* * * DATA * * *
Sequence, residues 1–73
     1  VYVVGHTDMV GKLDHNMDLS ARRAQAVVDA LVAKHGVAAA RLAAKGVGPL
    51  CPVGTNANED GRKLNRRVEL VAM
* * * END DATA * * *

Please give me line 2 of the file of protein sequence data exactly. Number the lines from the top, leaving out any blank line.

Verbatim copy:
     1  VYVVGHTDMV GKLDHNMDLS ARRAQAVVDA LVAKHGVAAA RLAAKGVGPL